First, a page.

Namibia is a place of contrasts - from vibrant, colourful cities to the immense desert scenery, mountains and ocean. It is characterised by vast open spaces, breathtaking scenery and has a rich cultural history and some of Africa’s most stunning and unique landscapes. With its looming red sand dunes, the turbulent Orange River, a variety of adventure activities, traditional towns, deep canyons and spectacular bronze sunsets, Namibia is a travellers dream.

Namibia is perfect for travellers looking for unspoilt wilderness areas, 300 days a year of perfect sunshine and a huge variety of wildlife. Its name is taken from the 80 million year old Namib Desert which makes up more than 10% of the country - Namib means “vast” in the local Nama language. With a stable infrastructure, travel around the country is easy and getting off the beaten track into deserted wildlife areas can be done with confidence.

Sossusvlei Dunes are home to the highest sand dunes in the world and Namibia’s most outstanding scenic attraction. Part of the Namib Desert, these dunes have developed over millions of years, the wind continuously shifting the sand further and further inland, reshaping patterns in distinctive warm tints. Climbing to the top of one of these dunes provides breathtaking views of the whole area, including Deadvlei, a large ghostly expanse of dried white clay punctuated by skeletons of ancient camelthorn trees, carbon dated between 500-600 years old.

Etosha National Park is Namibia’s first conservation area, designated in 1907. Undoubtedly one of the greatest wildlife spectacles on earth and one of Africa’s best game reserves, Etosha is home to huge herds of elephant, black-maned lions, cheetah and the world’s largest population of the rare black rhino.  Etosha owes its unique landscape to the Etosha Pan, a vast shallow depression of approximately 1,930 square miles which forms the heart of the park. Once part of a large inland lake fed by rivers from the north and east, it dried up 120 million years ago as continental drift changed the slope of the land and the course of the tributaries. This white, chalky expanse colours the park, and with the waterholes, creates the characteristic atmosphere of the Etosha of today.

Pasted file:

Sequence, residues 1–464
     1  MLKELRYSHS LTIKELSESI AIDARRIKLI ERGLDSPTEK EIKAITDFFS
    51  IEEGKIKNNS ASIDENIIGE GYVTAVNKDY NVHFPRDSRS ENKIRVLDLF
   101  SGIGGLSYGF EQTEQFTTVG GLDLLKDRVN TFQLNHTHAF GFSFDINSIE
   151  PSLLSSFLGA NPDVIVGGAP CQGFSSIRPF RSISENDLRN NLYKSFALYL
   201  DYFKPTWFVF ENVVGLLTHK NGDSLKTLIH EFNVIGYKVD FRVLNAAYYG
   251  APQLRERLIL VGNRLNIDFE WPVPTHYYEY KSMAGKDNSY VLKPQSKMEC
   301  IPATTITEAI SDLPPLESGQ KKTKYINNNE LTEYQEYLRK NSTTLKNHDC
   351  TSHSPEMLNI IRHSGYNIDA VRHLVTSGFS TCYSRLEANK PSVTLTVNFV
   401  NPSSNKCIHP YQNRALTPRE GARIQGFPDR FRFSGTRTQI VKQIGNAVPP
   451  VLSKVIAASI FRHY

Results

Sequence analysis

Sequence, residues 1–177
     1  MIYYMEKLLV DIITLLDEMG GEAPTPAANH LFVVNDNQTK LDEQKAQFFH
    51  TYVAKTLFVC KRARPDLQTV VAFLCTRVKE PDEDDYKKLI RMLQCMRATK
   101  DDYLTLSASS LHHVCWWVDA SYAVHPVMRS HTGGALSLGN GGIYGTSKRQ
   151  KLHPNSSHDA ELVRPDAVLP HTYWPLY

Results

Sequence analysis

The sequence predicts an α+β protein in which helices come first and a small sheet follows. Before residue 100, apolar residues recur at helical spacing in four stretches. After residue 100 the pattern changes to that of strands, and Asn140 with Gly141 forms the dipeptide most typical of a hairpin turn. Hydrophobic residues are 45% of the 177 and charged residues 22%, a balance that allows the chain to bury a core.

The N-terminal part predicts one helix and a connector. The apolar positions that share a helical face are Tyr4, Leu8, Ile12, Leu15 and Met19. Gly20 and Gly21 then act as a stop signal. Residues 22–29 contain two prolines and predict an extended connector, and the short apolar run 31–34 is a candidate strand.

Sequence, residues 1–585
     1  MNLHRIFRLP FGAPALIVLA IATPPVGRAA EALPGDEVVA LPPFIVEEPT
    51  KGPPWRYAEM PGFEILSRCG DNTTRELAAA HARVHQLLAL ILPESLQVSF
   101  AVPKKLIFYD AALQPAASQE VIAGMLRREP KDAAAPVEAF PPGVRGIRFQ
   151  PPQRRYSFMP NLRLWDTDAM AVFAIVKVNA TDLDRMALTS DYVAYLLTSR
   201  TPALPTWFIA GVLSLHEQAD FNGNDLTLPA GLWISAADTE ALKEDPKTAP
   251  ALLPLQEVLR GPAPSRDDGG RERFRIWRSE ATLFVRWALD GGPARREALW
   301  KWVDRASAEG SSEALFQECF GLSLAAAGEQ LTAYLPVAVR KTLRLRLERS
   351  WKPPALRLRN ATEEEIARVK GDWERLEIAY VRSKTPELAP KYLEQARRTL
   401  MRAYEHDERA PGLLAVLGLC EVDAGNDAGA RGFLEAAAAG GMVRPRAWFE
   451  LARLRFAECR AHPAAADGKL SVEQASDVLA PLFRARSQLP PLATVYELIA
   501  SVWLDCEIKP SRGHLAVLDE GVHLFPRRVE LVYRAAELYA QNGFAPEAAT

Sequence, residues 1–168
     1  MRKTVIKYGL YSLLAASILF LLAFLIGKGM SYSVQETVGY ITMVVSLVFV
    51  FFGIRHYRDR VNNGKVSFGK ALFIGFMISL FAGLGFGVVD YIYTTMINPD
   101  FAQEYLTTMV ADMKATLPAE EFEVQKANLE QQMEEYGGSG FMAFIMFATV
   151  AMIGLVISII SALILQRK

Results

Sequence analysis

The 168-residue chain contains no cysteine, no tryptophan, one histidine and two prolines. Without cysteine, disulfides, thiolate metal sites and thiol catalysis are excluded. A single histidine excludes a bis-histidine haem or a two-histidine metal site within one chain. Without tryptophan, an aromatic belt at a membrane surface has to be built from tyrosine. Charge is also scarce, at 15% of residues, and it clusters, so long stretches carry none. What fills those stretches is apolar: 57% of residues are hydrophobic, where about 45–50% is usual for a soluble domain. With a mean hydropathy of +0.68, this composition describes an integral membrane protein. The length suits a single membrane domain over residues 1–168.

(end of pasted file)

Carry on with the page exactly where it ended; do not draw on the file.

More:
To the west of Khorixas in North-West Namibia is Twyfelfontein, a massive open-air art gallery carved into red rock by ancient Bushmen overlooking an expansive valley below. The engravings, some estimated to be 6,000 years old, record the wildlife seen in area - giraffe, rhino, elephants, ostrich and even a lion. It is believed that the creators incised their engravings as a means of entering the supernatural world and recording their shamanic experience among the spirits. Whatever the meaning, the site was awarded UNESCO World Heritage status in 2008.

Swakopmund is Namibia’s playground - a holiday haven away from the dusty heat of the interior. While there is plenty to do within the city, the real action takes place in the desert surrounding the town. Quad-biking, sand-boarding, sand-skiing, parasailing and other adrenaline actives are available from any of the adventure operators in the area. Visit Walvis Bay and join a dolphin cruise or explore the lagoon on a kayak.

What will the weather be like?